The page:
Wearing of face masks in many parts of Europe and the United States have been met with resistance from people who viewed it as encroaching on their personal freedoms. This stubbornness could have contributed to the high number of Covid-related deaths and infections in the west.

The governments of South Korea and Japan have no problems about requiring their residents to wear face masks. Even before the arrival of the coronavirus pandemic in both East Asian countries, Koreans and Japanese had been wearing face masks.

In the Philippines, one of the government’s responses to the pandemic is the mandatory wearing of face masks. The enforcement of this policy was criticized as harsh, especially during the first year of the pandemic.

Remember the apprehension of broadcaster Howie Severino? The veteran journalist, a Covid survivor, stopped biking to drink water. A team of police officers and tanod who happened to pass him by, arrested him and took him to a stadium for a brief seminar on proper use of the face mask in public. In Cebu City, the common punishment received by apprehended maskless people was doing a set of physical exercises at Plaza Independencia in the sun. Other forms of punishment included attending a seminar on health protocols, rendering community service, and, absurdly, praying the rosary (as if non-wearing of face mask is a mortal sin that if repeatedly committed would send the violator’s soul to eternal fire).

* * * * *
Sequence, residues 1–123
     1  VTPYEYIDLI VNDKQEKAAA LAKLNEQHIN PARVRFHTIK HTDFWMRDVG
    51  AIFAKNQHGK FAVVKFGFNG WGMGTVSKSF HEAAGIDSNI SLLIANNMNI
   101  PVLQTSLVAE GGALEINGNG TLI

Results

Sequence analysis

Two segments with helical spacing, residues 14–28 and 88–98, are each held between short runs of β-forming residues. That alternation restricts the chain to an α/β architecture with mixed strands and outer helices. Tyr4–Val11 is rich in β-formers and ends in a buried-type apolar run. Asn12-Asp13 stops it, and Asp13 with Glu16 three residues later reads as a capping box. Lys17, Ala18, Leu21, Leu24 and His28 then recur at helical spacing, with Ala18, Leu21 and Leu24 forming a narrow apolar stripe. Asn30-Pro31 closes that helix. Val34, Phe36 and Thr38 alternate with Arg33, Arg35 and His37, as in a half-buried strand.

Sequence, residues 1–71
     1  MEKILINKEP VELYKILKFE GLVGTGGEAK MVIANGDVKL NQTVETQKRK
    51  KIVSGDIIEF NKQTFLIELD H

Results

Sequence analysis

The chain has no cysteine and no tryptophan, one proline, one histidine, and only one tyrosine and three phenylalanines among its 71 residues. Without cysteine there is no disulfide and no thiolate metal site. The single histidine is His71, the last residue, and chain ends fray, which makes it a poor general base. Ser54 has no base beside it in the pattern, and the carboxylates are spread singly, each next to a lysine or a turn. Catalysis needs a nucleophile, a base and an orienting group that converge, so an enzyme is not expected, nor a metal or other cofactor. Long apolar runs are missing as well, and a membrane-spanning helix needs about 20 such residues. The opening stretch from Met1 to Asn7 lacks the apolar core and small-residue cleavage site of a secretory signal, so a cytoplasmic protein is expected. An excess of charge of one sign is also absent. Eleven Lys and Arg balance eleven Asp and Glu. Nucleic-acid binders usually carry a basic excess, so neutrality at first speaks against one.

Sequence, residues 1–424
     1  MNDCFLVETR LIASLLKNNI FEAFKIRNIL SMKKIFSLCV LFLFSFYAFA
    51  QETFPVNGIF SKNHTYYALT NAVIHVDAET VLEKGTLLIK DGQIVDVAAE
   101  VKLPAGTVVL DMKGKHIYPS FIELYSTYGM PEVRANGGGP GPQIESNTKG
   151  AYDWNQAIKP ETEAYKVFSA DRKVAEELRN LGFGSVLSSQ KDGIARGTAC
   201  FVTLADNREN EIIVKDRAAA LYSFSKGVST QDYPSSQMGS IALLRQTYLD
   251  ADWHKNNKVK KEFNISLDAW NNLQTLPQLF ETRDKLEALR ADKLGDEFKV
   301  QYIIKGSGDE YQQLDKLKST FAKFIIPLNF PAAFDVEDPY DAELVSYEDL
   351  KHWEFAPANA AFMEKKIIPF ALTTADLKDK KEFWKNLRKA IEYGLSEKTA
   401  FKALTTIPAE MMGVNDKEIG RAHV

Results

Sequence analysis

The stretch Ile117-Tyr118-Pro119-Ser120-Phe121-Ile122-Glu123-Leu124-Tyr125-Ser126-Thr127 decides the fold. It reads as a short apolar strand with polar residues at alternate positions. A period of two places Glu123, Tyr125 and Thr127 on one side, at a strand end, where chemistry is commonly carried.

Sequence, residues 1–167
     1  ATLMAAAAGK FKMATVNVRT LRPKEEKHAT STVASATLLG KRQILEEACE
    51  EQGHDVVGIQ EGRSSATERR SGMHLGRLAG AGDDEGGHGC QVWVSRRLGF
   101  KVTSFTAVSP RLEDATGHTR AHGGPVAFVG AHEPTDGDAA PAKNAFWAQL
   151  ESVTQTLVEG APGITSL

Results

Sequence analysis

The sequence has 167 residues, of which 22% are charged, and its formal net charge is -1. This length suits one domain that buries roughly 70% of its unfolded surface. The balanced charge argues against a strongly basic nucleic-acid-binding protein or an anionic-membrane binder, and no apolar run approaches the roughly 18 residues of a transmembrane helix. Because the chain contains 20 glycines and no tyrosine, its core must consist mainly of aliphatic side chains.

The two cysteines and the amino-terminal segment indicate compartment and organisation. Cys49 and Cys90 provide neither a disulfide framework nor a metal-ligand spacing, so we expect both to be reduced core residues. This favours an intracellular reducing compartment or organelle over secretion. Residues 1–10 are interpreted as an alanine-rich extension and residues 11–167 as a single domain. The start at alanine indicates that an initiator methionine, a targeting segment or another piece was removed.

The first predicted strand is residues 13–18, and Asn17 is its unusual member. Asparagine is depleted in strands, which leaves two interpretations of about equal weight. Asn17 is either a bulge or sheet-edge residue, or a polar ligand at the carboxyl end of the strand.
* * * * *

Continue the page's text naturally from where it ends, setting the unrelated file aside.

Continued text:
Cebu City Mayor Michael Rama has issued Executive Order (EO) 5, which makes the wearing of it non-obligatory whether in open spaces or not in the city. He later issued EO 6 after EO 5 was met with resistance from the national government, particularly the Department of the Interior and Local Government, and the Department of Health (DOH). The new EO sets a four-month “trial period” of the optional wearing of face masks in Cebu City, starting on Sept. 1, 2022 and ending on Dec. 31.

Some quarters praised Rama and Cebu Gov. Gwendolyn Garcia, the pioneer in making mask-wearing not obligatory in open spaces, for moving ahead of the national government, specifically the Inter-Agency Task Force (IATF) for the Management of Emerging Infectious Diseases.

The IATF still has to come up with new protocols in dealing with the pandemic. DOH officer-in-charge Maria Rosario Vergeire admitted that the mandatory face mask policy can be lifted, particularly in open spaces; however, she said easing of restrictions must not be done recklessly but slowly and carefully. But her statement begs a question: how slow the national government will be in coming up with new protocols.

One can agree with the de facto DOH secretary that wearing a face mask can protect one from other respiratory infections such as flu and pneumonia.

Why is the IATF hesitant in making the wearing of face masks optional? It can do so but at the same time, it can ask the DOH to launch an expansive promotion of mask-wearing to become part of the new normal as it can help Filipinos have healthier lungs. For sure, there will be Filipinos who will listen. Perhaps in the near future, wearing a face mask would become part of Filipino culture just like in Japan and South Korea.

Despite Mayor Rama’s move on easing the mask-wearing protocol, one can observe that several people in the city—inside modern or traditional jeepneys, malls and in open public spaces—still wear their face masks. Haven’t they read the news? Are they getting comfortable with wearing face masks to the point that they do not mind the discomfort? Do they feel incomplete if they are not wearing masks whenever they go outside their houses?